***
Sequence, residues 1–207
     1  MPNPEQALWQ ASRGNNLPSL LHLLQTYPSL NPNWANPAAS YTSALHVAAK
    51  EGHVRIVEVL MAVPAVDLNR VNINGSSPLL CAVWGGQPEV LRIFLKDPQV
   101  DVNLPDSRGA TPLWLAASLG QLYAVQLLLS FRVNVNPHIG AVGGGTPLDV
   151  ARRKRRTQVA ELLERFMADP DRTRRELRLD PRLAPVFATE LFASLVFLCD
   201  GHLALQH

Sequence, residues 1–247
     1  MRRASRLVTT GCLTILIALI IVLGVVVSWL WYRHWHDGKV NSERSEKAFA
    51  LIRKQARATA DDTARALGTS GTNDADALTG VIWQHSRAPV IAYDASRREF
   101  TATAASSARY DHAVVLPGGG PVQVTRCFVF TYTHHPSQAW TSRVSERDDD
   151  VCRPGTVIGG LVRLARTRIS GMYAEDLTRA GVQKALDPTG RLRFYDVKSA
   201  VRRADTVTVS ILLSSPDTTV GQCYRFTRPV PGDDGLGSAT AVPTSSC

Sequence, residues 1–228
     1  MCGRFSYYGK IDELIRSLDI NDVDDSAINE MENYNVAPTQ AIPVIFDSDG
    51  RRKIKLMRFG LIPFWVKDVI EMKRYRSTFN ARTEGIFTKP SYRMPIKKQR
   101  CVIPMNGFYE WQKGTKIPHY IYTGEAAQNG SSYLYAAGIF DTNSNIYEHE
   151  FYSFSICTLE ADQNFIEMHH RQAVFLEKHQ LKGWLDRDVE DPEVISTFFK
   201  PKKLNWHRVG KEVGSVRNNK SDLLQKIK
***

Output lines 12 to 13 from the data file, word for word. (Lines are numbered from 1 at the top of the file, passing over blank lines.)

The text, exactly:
   201  VRRADTVTVS ILLSSPDTTV GQCYRFTRPV PGDDGLGSAT AVPTSSC

Sequence, residues 1–228